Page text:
Perhaps the Christopher Nolan film which best complements this mass shooting problem isn’t The Dark Knight Rises. It’s Inception: these mass shootings are caused by problems within problems within problems; gun violence caused by mental illness caused by poor healthcare caused by income inequality and political corruption and so on and so on and so on.
I wish that horrible mass shootings like these could give us an opportunity to discuss the complex problems that cause them. A nuanced discussion about mental illness, and how it can be not only treated but also prevented, is what we ought to be getting out of this tragedy. It’s not that the American people are too stupid to hear about complex problems, it’s that nobody with a microphone ever brings them up. We’re all tired of this same old, dead end debate about whether we should ban all guns or arm every man, woman and child. But the media, for whatever reason, seems to believe that the same old idiocy gets more readers and viewers, which generates more profits.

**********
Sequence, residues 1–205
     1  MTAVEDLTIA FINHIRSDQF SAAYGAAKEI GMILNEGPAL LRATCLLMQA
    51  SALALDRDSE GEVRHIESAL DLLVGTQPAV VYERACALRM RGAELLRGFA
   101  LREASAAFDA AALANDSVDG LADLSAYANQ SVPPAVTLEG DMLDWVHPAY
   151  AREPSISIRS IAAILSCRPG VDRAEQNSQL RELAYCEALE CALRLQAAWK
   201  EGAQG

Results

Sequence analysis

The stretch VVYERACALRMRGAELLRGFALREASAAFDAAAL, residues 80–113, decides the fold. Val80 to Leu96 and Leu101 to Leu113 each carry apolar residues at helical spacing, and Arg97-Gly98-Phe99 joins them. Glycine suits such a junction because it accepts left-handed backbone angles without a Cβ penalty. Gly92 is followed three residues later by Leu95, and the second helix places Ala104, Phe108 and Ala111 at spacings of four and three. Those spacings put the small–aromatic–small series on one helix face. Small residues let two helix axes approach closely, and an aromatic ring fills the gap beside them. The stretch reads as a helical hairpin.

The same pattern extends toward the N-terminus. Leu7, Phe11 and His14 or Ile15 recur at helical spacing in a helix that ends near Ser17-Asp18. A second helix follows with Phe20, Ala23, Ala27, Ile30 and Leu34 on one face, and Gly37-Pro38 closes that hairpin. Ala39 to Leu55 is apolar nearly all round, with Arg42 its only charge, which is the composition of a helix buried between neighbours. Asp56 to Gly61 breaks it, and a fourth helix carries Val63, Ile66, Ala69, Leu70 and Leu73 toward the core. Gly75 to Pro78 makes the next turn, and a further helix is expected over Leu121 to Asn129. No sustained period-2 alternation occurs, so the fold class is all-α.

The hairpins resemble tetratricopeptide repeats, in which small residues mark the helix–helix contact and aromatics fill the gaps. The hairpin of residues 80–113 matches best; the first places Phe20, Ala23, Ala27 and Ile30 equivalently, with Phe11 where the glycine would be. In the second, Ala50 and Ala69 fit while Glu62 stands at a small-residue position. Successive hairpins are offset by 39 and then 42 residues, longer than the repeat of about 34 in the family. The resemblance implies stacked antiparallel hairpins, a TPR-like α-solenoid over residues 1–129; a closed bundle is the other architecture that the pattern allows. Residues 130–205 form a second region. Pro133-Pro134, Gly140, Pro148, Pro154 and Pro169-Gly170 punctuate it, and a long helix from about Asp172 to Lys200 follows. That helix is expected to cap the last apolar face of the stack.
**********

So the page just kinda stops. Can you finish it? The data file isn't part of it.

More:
Humor us, pundits. Just try something smarter, deeper, less cynical. Give nuance a shot. Give intelligence a chance. I think you’d be surprised at how little of your audience you lose. Maybe, just maybe, a little bit of intelligence and sensibility will prepare us to prevent the next mass murder. And perhaps fix a few other things too.